Euro, shares dip as G7 pushes for action on Europe

Tue Jun 5, 2012 7:56am EDT
Email This Article |
Share This Article
  • Facebook
  • LinkedIn
  • Twitter
| Print This Article | Single Page
[-] Text [+]

By Richard Hubbard

LONDON (Reuters) - European shares and the euro eased on Tuesday as finance chiefs from the world's major nations pushed Europe for faster action on its growing debt crisis and Spain said the euro zone's fourth biggest economy was being shut out of credit markets.

The single currency, which early in the day hit a one-week high of $1.2543, fell 0.5 percent to $1.2440 when Spain's Treasury Minister signaled his concern over high borrowing costs just two days before a planned debt auction.

Commodities like oil followed the euro lower, but gold gained on a view that the worsening economic outlook may prompt further easing measures from the world's major central banks. U.S. stock index futures indicated Wall Street may open higher .N.

Spain's funding problems, and the threat they hold for the rest of the world, will be discussed in a teleconference by finance ministers and central bankers from the United States, Canada, Japan, Britain, Germany, France and Italy (the G7), which began at 1100 GMT on Tuesday.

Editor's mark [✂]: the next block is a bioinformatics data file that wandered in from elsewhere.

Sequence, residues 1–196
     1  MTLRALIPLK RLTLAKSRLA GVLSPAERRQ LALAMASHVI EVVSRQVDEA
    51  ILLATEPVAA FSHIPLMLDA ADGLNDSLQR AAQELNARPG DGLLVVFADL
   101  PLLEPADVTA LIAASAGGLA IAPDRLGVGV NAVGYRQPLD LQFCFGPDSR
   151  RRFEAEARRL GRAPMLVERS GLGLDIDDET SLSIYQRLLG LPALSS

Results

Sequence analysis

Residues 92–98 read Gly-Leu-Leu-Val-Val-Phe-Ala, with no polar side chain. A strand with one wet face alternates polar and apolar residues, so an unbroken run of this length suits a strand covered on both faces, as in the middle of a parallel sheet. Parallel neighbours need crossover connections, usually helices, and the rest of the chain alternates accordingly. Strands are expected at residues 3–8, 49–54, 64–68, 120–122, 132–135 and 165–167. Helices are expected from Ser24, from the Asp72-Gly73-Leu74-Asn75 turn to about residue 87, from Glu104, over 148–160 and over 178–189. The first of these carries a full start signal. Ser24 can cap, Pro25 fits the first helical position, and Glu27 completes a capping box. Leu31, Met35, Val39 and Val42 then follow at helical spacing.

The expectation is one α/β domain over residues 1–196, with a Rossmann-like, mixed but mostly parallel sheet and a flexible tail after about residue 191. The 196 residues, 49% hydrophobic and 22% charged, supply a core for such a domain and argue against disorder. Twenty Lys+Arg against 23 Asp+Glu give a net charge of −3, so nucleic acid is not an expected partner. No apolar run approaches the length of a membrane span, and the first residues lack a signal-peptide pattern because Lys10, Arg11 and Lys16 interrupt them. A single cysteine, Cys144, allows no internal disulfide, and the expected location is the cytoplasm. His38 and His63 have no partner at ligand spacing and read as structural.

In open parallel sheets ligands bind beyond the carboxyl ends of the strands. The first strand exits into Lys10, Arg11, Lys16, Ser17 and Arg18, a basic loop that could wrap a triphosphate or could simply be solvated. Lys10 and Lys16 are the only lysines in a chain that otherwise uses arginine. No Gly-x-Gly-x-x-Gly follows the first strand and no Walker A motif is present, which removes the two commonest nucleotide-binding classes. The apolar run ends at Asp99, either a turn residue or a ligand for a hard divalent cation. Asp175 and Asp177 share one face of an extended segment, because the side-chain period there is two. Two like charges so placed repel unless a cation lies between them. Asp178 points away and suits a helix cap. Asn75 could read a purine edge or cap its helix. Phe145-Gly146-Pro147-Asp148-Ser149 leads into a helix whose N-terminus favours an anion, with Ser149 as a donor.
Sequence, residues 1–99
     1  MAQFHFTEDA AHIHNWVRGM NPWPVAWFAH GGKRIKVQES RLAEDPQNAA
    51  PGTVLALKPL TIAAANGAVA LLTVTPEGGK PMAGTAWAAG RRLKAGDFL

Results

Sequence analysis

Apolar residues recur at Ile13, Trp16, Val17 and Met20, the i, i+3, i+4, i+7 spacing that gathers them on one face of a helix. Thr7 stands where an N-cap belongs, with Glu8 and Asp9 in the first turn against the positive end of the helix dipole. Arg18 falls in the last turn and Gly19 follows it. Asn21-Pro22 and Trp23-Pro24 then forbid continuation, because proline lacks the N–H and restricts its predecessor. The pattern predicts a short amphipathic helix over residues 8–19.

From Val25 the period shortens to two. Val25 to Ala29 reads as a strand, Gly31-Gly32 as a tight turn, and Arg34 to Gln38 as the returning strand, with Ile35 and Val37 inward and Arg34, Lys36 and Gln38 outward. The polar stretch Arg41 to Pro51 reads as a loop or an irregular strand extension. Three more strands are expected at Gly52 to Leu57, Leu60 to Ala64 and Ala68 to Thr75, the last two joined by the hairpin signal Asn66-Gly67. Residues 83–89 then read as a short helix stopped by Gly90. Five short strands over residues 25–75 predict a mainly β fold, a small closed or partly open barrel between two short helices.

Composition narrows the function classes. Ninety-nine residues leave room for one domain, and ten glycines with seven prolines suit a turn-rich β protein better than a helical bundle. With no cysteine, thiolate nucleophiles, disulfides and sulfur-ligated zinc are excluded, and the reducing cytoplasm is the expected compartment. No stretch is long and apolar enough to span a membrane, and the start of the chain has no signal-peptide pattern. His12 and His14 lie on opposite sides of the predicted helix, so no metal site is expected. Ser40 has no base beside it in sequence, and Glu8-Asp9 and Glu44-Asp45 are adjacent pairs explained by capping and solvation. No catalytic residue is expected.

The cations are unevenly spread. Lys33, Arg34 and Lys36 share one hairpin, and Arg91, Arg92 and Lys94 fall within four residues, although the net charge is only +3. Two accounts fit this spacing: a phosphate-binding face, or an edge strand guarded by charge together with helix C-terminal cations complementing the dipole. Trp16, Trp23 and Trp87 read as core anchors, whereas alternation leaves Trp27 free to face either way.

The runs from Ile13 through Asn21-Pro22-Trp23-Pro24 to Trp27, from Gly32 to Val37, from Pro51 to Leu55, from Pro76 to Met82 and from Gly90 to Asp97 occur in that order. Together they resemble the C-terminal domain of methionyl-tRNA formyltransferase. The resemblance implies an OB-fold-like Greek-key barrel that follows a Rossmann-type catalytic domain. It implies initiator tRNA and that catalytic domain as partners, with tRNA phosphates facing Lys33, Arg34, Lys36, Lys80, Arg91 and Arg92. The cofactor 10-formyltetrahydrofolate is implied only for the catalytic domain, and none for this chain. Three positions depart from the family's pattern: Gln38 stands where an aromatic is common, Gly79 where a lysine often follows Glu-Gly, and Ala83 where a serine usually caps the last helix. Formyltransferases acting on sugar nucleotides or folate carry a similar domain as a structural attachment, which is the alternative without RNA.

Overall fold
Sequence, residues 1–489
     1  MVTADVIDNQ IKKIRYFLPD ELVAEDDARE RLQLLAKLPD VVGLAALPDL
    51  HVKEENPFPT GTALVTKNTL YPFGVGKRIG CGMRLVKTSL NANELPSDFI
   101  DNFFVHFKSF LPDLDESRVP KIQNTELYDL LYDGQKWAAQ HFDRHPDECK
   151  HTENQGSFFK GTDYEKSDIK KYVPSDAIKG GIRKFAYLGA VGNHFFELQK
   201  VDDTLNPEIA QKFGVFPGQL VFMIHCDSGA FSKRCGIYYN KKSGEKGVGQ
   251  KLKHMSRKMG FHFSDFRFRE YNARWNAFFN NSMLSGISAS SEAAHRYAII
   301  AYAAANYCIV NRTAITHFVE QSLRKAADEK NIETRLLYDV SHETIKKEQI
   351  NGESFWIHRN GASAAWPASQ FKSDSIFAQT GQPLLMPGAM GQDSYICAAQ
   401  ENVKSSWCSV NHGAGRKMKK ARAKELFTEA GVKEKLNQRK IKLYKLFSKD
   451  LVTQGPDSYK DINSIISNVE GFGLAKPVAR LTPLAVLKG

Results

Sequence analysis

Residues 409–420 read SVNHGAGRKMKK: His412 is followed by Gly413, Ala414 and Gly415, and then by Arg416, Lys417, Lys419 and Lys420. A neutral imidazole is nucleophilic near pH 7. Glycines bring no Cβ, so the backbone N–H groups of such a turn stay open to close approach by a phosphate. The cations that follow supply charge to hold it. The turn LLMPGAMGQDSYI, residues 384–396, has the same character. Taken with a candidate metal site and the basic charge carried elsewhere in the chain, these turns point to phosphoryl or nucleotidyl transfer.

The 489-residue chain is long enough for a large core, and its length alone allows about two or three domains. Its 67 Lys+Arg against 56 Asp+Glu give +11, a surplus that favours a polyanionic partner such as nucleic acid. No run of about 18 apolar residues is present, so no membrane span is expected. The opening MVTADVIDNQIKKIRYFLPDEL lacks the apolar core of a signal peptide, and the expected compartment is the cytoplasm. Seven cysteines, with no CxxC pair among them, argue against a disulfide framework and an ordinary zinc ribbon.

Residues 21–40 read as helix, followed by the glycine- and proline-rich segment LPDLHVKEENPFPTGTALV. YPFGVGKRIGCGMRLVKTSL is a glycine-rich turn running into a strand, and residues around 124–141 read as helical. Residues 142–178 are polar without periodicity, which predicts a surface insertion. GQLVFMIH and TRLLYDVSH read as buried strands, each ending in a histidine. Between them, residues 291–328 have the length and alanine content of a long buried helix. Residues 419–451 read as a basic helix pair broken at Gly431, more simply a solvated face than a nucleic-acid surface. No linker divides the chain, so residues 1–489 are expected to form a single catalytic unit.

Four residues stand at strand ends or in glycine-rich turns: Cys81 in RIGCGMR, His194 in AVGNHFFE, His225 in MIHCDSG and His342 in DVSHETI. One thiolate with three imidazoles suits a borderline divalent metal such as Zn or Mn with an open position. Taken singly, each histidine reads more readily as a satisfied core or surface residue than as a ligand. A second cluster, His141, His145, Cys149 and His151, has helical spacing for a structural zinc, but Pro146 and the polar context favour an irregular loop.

"The G7 is going to put a lot of pressure on Europe to accelerate the treatment of the banking crisis, which means to increase the pressure on the Spanish Government," said Eric Chaney, Chief Economist for the AXA Group.

"I think the Spanish Government, even though it will not attend this meeting, will hear a lot coming from the G7, and the message would be very simple: You need to borrow money from the European (bailout) fund. Please do it," he said.

French Foreign Minister Laurent Fabius said Europe needed to find a solution to the Spanish banking crisis that did not add to Madrid's already heavy budget deficit, reiterating Paris's support for one proposal to help solve the current crisis - a full European banking union.

WORRIES MOUNT   Continued...

Traders look at computer screens at Madrid's bourse April 12, 2012. REUTERS/Andrea Comas